sharing recipes from one generation to the next
A traditional Scandanavian method of preserving fresh salmon, thin, luxurious, silky slices of gravlax make a glamorous starter, or an hors d’ouevre topping alternative to smoked salmon. There are many recipes to make gravlax, I have tried several.
From experience, too much salt will make the salmon hard but too little and the salmon will be “fishy”. I have tried making gravlax with whiskey, gin and vodka. The white spirits, which don’t overpower the subtle salmon flavour are my choice. If I use gin I add crushed juniper berries to the cure, and replace the lemon thyme with dill, for a more traditional gravlax better suited to a cooler climate.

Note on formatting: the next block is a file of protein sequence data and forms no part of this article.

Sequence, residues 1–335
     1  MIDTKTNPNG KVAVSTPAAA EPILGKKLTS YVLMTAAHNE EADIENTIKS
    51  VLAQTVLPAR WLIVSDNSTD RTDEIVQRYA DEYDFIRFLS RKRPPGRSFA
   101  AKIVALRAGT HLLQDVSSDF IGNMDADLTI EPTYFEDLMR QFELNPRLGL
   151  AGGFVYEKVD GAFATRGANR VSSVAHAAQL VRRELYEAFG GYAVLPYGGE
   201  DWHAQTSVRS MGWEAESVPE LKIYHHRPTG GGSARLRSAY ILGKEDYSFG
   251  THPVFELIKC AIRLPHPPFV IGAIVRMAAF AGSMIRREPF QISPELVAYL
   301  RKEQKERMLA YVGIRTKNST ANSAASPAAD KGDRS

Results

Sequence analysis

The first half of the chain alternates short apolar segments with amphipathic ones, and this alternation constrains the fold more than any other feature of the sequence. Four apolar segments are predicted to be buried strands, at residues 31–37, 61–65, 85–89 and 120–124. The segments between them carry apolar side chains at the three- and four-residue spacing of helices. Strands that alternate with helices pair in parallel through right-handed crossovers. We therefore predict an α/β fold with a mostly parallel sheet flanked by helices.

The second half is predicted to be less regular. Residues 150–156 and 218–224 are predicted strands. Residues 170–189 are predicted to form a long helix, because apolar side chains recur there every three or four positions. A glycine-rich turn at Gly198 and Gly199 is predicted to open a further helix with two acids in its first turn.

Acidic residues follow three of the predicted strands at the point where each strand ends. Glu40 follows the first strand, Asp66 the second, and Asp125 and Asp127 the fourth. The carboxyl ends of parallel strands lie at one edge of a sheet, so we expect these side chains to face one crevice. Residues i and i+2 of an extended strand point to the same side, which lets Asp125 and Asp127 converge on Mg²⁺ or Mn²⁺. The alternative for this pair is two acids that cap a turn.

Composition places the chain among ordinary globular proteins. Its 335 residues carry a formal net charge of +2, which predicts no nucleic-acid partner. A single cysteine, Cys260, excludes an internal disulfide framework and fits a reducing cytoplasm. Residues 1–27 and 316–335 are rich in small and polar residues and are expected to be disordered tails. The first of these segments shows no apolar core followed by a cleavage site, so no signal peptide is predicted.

This gravlax formula is the result of much refinement, a perfect balance of salt, sugar and citrus, a fresh complement to delicious fresh Tasmanian salmon.
A whole side of Gravlax makes a great centrepiece for a lunch buffet. It goes well with rye bread, asparagus, rocket, cucumber, cream cheese, sour cream, brie, horseradish cream, caviar, boiled eggs, spring onion, chives, avocado, dill, and potato.
To cure a whole side of salmon, double the quantities stated in the recipe.
500g piece of fresh salmon
1 1/2 tablespoon sea salt
1 1/2 tablespoon sugar
1 1/2 tablespoons fresh lemon thyme leaves
Zest of 1 lemon
3 tablespoons citrus vodka
Pin bone the salmon, then put it in a non reactive container, (plastic or ceramic). Mix the remaining ingredients together and spoon then over the salmon. Cover and refrigerate for 3 days, spooning the curing liquid over the fish a couple of times a day.
To serve, lift the fish for the cure, pat dry with a paper towel, then using a very thin bladed slicing knife, cut into very thin slices.